Invisible Men

This is a novelette I published at Jonathan Strahan’s Eclipse Online in December of 2012. The online magazine has since disappeared, in the wake of its publisher (Nightshade Books) being sold, so I’ve posted it here for readers. It was selected for inclusion in Gardner Dozois’ Year’s Best Science Fiction this year, as well as for AudioText’s Year’s Best SF audio anthology.

Invisible Men



Christopher Barzak



     She said he was an “ex-peer-i-ment-al in-vest-i-gat-or, don’t you know?”  And lucky for me, I don’t catch her looking at me much, so I rolled my eyes at myself in the glass I was cleaning, then set it up on its shelf with my eyes rolling in its surface for a long time after.

She always likens herself to our Lord in Heaven, and clutches her hand at her heart like some poor widow, though she just married for a second time not a year ago, and you’d think she’d be happier with Mr. Hall around to help.  Especially when he came round and took rooms from them.  I might be a bit of a dull-headed girl—that’s what my mother always told me, Lord keep her—but I ain’t so dull I can’t see something’s wrong with a person when he comes into the Coach and Horses with his head all wrapped up like some bloody mummy, and thick blue goggles for glasses.  Really, I should wince and say to her, “Do you think that’s normal, miss?”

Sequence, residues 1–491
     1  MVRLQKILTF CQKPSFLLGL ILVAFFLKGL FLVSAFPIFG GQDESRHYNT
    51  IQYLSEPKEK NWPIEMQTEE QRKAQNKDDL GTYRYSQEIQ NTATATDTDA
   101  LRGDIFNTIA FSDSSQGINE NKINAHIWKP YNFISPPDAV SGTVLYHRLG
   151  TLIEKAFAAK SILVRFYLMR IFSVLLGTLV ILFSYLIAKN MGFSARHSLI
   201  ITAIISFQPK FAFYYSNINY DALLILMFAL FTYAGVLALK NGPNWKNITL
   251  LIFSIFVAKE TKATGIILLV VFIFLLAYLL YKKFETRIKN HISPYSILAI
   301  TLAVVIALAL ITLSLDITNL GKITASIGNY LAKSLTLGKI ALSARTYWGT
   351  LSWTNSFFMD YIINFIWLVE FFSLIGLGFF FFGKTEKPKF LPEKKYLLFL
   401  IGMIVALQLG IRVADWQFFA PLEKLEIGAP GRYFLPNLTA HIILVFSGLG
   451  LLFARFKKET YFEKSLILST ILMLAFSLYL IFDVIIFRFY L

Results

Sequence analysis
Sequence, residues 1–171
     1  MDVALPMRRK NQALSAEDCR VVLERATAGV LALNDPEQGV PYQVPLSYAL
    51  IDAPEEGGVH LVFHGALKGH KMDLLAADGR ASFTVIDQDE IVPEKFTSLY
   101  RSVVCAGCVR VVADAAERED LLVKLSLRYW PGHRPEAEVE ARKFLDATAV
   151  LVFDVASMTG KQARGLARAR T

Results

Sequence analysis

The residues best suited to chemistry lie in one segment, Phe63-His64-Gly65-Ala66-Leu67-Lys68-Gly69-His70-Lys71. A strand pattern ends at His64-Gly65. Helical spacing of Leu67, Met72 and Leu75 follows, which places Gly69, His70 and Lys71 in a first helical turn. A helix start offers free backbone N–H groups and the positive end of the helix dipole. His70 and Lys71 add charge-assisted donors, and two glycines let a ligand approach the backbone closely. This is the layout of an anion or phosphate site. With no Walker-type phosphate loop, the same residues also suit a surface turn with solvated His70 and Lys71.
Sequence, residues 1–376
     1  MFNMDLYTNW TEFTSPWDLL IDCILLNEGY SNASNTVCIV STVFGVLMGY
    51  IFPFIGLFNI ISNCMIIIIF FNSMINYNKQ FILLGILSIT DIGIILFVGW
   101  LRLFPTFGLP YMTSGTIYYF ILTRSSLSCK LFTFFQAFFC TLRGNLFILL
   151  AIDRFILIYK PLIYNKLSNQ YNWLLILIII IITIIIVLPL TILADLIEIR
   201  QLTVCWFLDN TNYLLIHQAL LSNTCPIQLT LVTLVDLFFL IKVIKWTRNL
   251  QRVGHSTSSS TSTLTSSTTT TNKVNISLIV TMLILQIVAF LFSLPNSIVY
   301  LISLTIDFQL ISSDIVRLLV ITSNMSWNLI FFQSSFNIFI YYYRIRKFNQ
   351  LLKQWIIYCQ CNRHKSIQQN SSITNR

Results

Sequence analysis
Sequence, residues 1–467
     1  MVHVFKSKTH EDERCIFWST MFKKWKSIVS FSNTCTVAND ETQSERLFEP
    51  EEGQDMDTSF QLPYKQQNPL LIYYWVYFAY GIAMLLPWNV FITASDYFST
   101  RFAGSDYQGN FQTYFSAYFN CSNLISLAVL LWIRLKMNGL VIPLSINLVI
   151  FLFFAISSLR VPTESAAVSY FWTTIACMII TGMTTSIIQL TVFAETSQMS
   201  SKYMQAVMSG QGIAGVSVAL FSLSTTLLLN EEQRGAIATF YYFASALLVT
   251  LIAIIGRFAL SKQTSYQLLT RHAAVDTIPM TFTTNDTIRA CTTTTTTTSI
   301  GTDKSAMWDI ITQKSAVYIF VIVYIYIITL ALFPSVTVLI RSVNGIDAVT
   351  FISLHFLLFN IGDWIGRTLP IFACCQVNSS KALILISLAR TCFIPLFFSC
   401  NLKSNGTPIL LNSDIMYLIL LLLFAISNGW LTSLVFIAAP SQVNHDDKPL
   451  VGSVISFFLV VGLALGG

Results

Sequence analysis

Oh, shut up, you silly girl.  Move it along.  You’re slower than a cow!  Help indeed!  Snap, snap! Clap, clap!  She’s got many ways of dealing with me.  But I ain’t no girl, and I ain’t no cow.  I got sixteen years, and four of them I been working like anyone.  What she sees ain’t me, but some other girl.  Cause ain’t I the one who cleared the straw he spilled from those crates of his all over the floor of his room?  And ain’t I the one who scrubbed at a stain on the floor he’d made with all his chemicals and such?

She wanted to take him his tea and his eggs and ham.  She wanted to stand at his shut door and listen to his moaning and sobbing, hand clutched at her heart like some mother.  She wanted to try speaking with him like she was on his level—whatever it was, it was surely above hers by the way he spoke—and all I could do was laugh behind my hand in the kitchen when he chased her out of that room with a chair, the chair floating in midair like a ghost, and she came shrieking down the staircase.